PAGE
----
My favorite lamb meatballs

img_0492_fotorOnce upon a time I wanted some nice tender lamb meatballs for dinner but I couldn’t decide which of the four recipes in my big bad recipe binder to use. So I pulled them all out and listed the ingredients I liked and left out what I didn’t. I doubled up on what I really liked and managed to forget to list an egg while I was at it. I mixed those ingredients up and baked them up and fucking loved them. (Even without the egg.)

img_0487_fotorTIPS: 1) do not use a mixer or food processor to combine the ingredients. The meatballs will be tough instead of tender. 2) I use a 2 tablespoon disher (like a giant melon baller crossed with an ice cream scoop) to portion out my meatballs so that they are uniform and then roll them between my hands so that they are round.

My favorite lamb meatballs

  • Servings: 4 normal people, 2 gluttons
  • Time: 2o minutes
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  • 1 lb ground lamb
  • 1/2 cup breadcrumbs
  • 2 tablespoons finely diced onion
  • 2 tablespoons fresh cilantro
  • 1 teaspoon ground cumin
  • 1 teaspoon ground coriander
  • 1 teaspoon turmeric
  • 2 cloves garlic, minced
  • 1/4 teaspoon each salt and pepper


  1. Preheat oven to 400 degrees F and line a rimmed baking sheet with parchement paper.
  2. Combine all ingredients by hand. Shape into balls the size of a golf ball. Place 1-2″ apart on prepared baking sheet.
  3. Bake for 15 minutes.

I like to serve these with The New York Times’ Rice Pilaf with Golden Raisins and a little dish of plain yogurt – or yogurt with a minced clove of garlic mixed in – and a mixed greens salad with a tart vinaigrette.

— Amanda

Recipe: Smoked salmon hash

Over the past few years we have created the tradition of going to  Lake Crescent Lodge for our anniversary. I love everything about the place, but one of the highlights is the food. On one of our first trips I had an omelette for breakfast that was stuffed with smoked salmon, sweet peppers, and cream cheese and served with a side of O’Brien potatoes. It was magnificent, and when we came home and found ourselves inundated with home-smoked salmon from friends and coworkers (was it an unusually good year for salmon?) I decided to re-create it to make use of this bounty. And let me tell you, having made this with both home-smoked and store-bought, they are both good, but the home-smoked stuff makes it great. It tends to be flakier, saltier, and smokier, which gives it real punch.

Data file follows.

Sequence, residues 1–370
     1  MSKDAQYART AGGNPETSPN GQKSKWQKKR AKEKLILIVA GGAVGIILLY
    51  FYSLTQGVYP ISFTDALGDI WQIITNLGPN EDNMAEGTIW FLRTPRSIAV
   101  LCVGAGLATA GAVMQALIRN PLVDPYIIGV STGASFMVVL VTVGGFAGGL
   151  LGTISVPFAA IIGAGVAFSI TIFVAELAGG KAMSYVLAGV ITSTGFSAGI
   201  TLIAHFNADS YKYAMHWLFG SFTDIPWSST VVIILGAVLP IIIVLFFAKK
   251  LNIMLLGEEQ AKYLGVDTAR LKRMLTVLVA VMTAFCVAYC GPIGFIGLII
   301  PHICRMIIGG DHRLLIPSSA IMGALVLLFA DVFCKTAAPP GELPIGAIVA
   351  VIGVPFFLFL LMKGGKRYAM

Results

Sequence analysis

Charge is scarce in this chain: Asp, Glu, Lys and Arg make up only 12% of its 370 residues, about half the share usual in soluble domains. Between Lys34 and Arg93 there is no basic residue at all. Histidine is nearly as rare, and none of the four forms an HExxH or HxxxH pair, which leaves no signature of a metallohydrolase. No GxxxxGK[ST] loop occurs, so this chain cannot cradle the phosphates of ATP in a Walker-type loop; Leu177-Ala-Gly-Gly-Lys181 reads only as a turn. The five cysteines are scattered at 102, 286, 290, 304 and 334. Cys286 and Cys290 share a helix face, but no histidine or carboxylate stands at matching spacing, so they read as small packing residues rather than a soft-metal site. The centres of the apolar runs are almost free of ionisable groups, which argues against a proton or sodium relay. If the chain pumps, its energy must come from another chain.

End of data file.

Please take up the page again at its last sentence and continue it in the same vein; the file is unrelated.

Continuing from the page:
This is an any-meal dish. Breakfast, brunch, lunch, dinner. All of the above. I make it in the oven but you could totally convert this to a stovetop dish if you steamed or boiled the potatoes first.


Here’s how I eat it for dinner: with a little heated cream chese and some fresh chives and a simple salad of spring greens with a dijon vinaigrette.


Here’s how Matt eats it for dinner: with a liberal sprinkling of shredded cheddar and a bowl of cottage cheese. (Hot sauce not shown.)


And here’s how I eat the leftovers for breakfast, reheated in the microwave, with a fried egg and half an avocado and a little too much cream cheese.

Smoked salmon hash

  • Servings: 2-4 depending on gluttony
  • Time: 50 minutes
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2 large waxy potatoes, such as Yukon Golds
2 sweet bell peppers
1/2 one yellow onion
6 cloves garlic
1/2 lb hot-smoked salmong (not lox)
olive oil
salt & pepper
optional: cheese
  1. Preheat the oven to 400 degrees F.
  2. Chop potatoes, peppers, onion, and salmon into 1/2″ pieces. Roughly dice garlic into 1/8-1/4″ bits. Combine all vegetables on a parchment-covered jelly roll pan. Drizzle with olive oil and sprinkle with salt and pepper. Mix well.
  3. Roast for 40 minutes, stirring once. 10 minutes before vegetables are done, add salmon.
  4. When plating, you may sprinkle the cheese of your preference over the top, which should melt a little by the time you stick a fork in it.
— Amanda

(Vegetarian) Cream of Leftover-Tomato Soup

If you are firmly pro-bacon, allow me to refer you to the original version of the recipe. If you or someone you’re cooking for doesn’t eat bacon or is vegetarian or vegan, read on!


Sunday’s lunch: Vegetarian cream of leftover-tomato soup with a salad of spring greens and French vinaigrette and a slice of toasted Dave’s Good Seed bread with Earth Balance spread.